Airspy vs HackRF

Comparing the HackRF One to the Airspy series involves looking at two very popular options in the world of software-defined radios (SDRs), each with its own set of features tailored to different user needs and applications.

Table of Contents

Comparison Table

Device TypeReceiver OnlyTransmitter + Receiver
Frequency Range24 MHz to 1800 MHz1 MHz to 6 GHz
Bandwidthup to 10 MHz20 MHz
Front-end FilteringYesYes
Noise Figure7.9 dB11 dB
Max Input Level+10 dBm-5 dBm
Expansion HeaderNoYes
10 MHz In/OutNoYes
Open SourceNoYes
Form FactorSmall Box (4 × 1 × 0.6 in)Small Box (6 × 4 × 1 in)
PriceCheck PriceCheck Price

Key Differences and Similarities

Frequency Range:

  • HackRF One: Covers a very wide frequency range from 1 MHz to 6 GHz, making it extremely versatile for a broad spectrum of applications.
  • Airspy: The Airspy series includes several models, such as the Airspy R2 and Airspy Mini, with a typical frequency range of 24 MHz to 1.8 GHz (Airspy R2) and 24 MHz to 1.7 GHz (Airspy Mini). The Airspy HF+ Discovery model focuses on HF and VHF, covering 0.5 kHz to 31 MHz and 60 to 260 MHz, highlighting its capability in lower frequency bands.

Nooelec HackRF One Software Defined Radio, ANT500 & SMA Adapter Bundle for HF, VHF & UHF. Includes SDR with 1MHz-6GHz Frequency Range & 20MHz Bandwidth, ANT-500, and 4 SMA Adapters

Sampling Rate and Resolution:

  • HackRF One: Offers a sampling rate of up to 20 MSPS (million samples per second) with 8 bits of resolution. This is suitable for many applications but can be a limiting factor for those requiring higher resolution.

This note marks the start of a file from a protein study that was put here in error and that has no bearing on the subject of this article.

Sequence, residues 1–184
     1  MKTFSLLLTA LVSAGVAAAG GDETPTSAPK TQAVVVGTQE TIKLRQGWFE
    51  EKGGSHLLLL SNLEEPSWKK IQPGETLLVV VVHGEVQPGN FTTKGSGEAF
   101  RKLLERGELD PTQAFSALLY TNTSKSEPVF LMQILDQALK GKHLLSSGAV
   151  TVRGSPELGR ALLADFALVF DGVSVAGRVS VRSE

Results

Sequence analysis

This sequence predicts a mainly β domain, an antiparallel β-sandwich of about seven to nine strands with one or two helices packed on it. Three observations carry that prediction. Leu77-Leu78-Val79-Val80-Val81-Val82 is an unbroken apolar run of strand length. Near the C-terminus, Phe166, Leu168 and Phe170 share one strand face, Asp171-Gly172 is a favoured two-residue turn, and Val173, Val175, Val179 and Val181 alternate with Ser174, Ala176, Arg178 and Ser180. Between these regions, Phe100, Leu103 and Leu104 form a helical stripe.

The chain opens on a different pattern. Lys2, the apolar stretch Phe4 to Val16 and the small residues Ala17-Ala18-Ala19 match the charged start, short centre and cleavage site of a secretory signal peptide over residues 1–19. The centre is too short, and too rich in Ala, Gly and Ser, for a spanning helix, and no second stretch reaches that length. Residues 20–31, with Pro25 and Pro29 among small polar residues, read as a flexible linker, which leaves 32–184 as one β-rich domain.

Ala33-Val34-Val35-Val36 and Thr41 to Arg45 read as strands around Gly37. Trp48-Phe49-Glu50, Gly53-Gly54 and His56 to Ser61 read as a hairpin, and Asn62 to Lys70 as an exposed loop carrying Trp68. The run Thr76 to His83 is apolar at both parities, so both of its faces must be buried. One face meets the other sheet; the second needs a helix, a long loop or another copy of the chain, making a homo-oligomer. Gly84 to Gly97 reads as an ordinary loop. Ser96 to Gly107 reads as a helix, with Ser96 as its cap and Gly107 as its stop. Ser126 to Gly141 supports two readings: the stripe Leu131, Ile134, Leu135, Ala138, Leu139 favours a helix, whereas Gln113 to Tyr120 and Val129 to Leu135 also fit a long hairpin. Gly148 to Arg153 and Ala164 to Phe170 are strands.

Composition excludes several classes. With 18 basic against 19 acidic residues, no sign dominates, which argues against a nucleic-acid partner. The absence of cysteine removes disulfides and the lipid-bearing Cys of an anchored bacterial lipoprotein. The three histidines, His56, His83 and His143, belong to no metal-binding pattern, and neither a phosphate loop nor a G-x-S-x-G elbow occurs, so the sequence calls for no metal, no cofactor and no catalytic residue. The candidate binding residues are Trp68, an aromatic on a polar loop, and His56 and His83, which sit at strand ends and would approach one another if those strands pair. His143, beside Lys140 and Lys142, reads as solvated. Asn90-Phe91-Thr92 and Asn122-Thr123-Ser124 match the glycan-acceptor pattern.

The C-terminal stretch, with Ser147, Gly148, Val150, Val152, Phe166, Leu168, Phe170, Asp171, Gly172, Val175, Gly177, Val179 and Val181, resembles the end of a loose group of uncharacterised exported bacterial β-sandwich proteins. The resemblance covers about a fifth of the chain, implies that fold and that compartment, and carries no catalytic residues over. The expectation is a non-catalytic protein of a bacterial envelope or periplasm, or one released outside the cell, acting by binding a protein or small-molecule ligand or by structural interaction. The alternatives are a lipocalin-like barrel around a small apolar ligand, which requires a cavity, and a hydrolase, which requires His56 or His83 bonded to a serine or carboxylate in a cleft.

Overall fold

• Airspy: Known for its high-performance receivers, the Airspy R2 offers up to 10 MSPS at 12 bits of resolution, and the Airspy Mini offers up to 6 MSPS at 12 bits. The HF+ Discovery model, designed for high sensitivity and low noise, provides even higher resolution in its targeted bands. The higher bit depth allows for better dynamic range and sensitivity.

Application Focus:

  • HackRF One: With its wide frequency range and transmit capability, it is often used for educational purposes, security research, and testing across a wide range of frequencies. It’s versatile but might not be the best in terms of raw receiving performance.
  • Airspy: Focuses on receiving capabilities with higher sensitivity and selectivity, making it particularly favored among radio enthusiasts, especially those interested in listening to air bands, amateur radio, and HF broadcasts. It’s designed for users who prioritize reception quality.


  • HackRF One: Generally more expensive than the basic Airspy models due to its broader frequency range and transmission capability.
  • Airspy: The price varies across models. Basic models like the Airspy Mini are more affordable and provide excellent value for receivers within their coverage range.


  • The HackRF One is a versatile tool for those looking to experiment across a wide range of frequencies and who need transmit capabilities. It’s well-suited for educational purposes, development, and testing.
  • The Airspy series is better suited for serious radio hobbyists and enthusiasts who prioritize receiving performance, with its high sensitivity, selectivity, and lower noise figures. The Airspy HF+ Discovery, in particular, is highly regarded for its exceptional performance in the HF and VHF bands.

Your choice between the two should be guided by your specific needs: whether you prioritize a wide frequency range and transmission capability, or superior receiving quality within a more focused frequency range.

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